Perhaps it’s wiser to explore the more obvious message of the film, a message containing allusions to nihilism, the meaninglessness of death and conflict, the way one man can hold the lives of thousands in his hand, and how impersonal and industrialized warfare was during the Great War. During the journey our heroes see the enemy’s heartless method of withdrawal. Guns and artillery are sabotaged, Farms are purposely destroyed, livestock slaughtered and left to rot, cherry trees cut down. Every useful natural resource decimated, making the advance of the allies that much more miserable and difficult. Such imagery is shown to be a byproduct of a greater conflict happening all over Europe, but it’s also personal. What is the point of this destruction? Why stay in this war? Does the message the men must deliver, the all important high command order to stand down or lose thousands of troops, really matter in the end? If the men don’t die today, they might tomorrow. It’s inevitable.
In some senses, the Bible tells us the same message, although it’s not nearly as depressing. The Bible says plainly “…all is vanity… All things are full of weariness; a man cannot utter it; the eye is not satisfied with seeing, nor the ear filled with hearing. What has been is what will be, and what has been done is what will be done, and there is nothing new under the sun.” – Ecclesiastes 1:8-9. So in that sense, none of it matters. The heroes have courage and honor, both biblical virtues, and they do what is right and save many men in the process. But without the Lord, such virtues become ultimately meaningless. One officer laments that the order to stand down today is only for today, and that tomorrow or next week they will be ordered to attack at dawn, and be cut down then rather than now. Can we find a biblical message inside a film so convinced of its own pessimism?
Certainly it’s better to look at this movie through the lens of the Christian worldview. We know that men are fallen and will continue to die and deal death until Christ returns fully and finally. But we also know that this world, with all its burnt remains, its broken societies, and its endless miseries will be completely done away with. The children of God will dwell in a new earth, so unlike this present one that it’s impossible to grasp fully. So the message of 1917 is spot on: war is a waste, and men are doomed more often than we like to admit. But that’s only half the story. It’s not what Jesus would have us dwell on, since our hope is not of this world. Pessimism will have no permanent place in the kingdom of God.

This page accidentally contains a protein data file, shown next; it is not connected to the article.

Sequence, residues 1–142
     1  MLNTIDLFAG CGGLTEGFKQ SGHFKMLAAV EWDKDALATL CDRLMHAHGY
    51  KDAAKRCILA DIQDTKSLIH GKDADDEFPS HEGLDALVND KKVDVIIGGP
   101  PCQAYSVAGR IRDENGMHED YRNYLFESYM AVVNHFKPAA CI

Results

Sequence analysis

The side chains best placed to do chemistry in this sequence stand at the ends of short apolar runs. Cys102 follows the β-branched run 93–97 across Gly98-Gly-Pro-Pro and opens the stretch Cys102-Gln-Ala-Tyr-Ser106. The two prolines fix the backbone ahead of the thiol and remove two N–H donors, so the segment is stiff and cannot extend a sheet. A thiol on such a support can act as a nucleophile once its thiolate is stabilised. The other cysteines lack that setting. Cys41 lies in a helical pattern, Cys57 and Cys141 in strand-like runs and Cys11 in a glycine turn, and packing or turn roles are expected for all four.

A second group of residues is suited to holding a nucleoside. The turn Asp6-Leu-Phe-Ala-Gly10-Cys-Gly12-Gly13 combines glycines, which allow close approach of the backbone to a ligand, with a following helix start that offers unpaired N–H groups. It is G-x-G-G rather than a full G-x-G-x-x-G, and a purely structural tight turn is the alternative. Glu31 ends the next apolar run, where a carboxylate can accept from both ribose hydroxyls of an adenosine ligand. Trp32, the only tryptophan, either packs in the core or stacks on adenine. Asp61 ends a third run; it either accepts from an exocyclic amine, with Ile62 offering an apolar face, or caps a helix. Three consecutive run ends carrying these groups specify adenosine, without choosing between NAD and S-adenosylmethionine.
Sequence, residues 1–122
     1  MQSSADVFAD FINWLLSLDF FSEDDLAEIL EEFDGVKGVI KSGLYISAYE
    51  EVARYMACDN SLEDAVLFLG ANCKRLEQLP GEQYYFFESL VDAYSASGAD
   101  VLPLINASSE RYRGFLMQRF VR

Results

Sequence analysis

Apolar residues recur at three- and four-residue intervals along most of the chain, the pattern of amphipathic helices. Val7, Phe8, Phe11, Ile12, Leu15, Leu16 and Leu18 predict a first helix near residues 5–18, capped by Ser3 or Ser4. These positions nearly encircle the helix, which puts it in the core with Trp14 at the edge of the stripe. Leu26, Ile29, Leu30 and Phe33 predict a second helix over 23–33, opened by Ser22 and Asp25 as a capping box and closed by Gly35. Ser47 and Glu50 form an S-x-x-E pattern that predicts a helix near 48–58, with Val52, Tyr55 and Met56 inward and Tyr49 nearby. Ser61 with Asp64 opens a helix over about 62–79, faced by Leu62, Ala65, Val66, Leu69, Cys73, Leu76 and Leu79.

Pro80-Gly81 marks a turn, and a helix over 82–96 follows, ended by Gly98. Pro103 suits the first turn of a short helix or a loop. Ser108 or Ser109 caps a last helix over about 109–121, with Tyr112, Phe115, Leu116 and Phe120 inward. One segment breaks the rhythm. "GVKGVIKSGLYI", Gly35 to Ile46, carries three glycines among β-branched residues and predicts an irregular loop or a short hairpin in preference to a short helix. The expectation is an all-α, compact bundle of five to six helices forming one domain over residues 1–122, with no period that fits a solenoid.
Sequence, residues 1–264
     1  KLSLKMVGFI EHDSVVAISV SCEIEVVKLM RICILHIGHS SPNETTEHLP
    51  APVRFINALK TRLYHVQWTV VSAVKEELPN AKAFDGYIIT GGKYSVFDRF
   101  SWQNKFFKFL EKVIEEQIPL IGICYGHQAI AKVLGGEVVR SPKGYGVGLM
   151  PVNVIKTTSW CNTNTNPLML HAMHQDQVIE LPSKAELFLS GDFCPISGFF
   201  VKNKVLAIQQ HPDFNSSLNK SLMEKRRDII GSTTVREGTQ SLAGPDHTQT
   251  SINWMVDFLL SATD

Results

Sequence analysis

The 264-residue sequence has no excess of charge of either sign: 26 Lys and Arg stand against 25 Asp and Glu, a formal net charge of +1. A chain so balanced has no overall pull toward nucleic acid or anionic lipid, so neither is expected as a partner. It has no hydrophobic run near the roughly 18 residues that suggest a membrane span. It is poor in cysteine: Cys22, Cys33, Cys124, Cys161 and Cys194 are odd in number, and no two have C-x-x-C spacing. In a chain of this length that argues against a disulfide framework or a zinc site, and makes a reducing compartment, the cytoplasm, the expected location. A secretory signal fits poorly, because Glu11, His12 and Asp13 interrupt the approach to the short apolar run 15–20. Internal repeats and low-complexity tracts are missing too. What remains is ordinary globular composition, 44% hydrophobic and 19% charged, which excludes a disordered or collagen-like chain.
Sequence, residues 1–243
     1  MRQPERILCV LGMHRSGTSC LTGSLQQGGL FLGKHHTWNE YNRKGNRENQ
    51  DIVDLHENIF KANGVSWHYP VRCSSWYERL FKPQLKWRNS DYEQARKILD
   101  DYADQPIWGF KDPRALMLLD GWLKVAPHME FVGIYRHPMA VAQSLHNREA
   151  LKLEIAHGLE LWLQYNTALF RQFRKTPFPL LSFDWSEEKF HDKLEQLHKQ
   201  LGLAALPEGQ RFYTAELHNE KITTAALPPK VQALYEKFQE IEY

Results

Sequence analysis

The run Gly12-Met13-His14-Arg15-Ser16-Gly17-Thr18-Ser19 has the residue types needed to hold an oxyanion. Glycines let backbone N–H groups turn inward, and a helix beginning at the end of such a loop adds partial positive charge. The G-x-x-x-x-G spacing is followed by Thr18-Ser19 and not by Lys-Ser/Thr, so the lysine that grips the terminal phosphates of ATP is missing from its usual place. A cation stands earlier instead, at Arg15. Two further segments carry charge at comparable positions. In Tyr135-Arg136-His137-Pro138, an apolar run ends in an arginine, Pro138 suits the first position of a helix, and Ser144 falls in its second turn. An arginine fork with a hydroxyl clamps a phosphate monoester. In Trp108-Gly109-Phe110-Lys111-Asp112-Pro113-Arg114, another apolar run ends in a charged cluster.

Still, the wars that so decimated humanity in the last century display the brutally horrific depravity of man. This film provides a glimpse into the pessimistic mindset some warriors had about fighting, and serves as a somber reminder about the true cost of war. A terse line from one officer sums up the grinding nature of the Great War and the understanding among the men fighting it: “There is only one way this war ends. Last man standing.” The death and chaos surrounding the heroes is framed as both random and ultimately useless. It’s just another day on the job. The brave men who fought and died surrounded by hell on earth died never knowing what benefits their sacrifice gained humanity. “Why did you have to pick me?” asks one of the men who has to risk life and limb by moving towards danger. What a great question to consider; why does fate decide who lives and who dies? Do we ever have a choice? Does it even matter? Sam Mendes seems to think the answers add up to a flat “no.” As Christians, however, we have another perspective to consider.
Last century many people were slaughtered and many men were shown a glimpse of the apocalypse. God was always present, even in the most unimaginable circumstances, and His decrees remain righteous eternally, no matter what happens. Again, this is a good reminder for Christians, especially men who might wonder “what if that were me fighting the war?”, to be reminded of God’s love and mercy. He is sovereign, and the Bible gives complete certainty to all who trust Him.

“For I am sure that neither death nor life, nor angels nor rulers, nor things present nor things to come, nor powers, nor height nor depth, nor anything else in all creation, will be able to separate us from the love of God in Christ Jesus our Lord.”
—Romans 8:38-39

Having witnessed this film, a dismal and sobering dramatization of the horrors man can conjure, the Christian can’t help but look back to the promises given in Christ, and the hope that must never be abandoned. The allies claimed victory by the end of the war, but it’s safe to say that everyone involved lost immensely. This movie brilliantly compels men and women over a century later to come face to face with the misery, the glory, the valor, and the horror that war can bring about. It’s well worth viewing for all these reasons and more.